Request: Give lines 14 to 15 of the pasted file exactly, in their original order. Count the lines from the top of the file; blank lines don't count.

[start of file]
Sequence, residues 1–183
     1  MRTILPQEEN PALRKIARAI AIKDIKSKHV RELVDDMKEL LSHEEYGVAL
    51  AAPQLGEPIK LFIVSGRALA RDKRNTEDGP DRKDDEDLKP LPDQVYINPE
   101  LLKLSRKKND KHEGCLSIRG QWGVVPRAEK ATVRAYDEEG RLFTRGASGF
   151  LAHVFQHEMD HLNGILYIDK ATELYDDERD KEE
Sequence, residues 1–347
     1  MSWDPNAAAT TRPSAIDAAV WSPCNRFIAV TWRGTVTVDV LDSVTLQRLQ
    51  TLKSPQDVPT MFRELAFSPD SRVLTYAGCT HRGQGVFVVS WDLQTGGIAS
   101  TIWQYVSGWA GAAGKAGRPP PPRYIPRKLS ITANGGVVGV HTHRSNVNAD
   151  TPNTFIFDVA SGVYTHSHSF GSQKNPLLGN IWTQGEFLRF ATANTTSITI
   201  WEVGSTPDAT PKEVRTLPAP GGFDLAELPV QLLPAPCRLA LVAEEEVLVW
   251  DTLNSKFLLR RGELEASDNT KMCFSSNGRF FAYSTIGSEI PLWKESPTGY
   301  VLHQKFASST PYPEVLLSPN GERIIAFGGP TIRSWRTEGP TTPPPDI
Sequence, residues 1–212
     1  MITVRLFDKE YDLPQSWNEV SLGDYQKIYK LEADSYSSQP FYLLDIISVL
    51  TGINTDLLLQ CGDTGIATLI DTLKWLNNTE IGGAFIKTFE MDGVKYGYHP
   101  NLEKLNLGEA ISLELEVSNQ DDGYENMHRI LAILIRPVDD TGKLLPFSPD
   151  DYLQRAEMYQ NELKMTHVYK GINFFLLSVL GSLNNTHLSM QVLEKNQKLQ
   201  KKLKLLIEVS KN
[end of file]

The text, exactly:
Sequence, residues 1–212
     1  MITVRLFDKE YDLPQSWNEV SLGDYQKIYK LEADSYSSQP FYLLDIISVL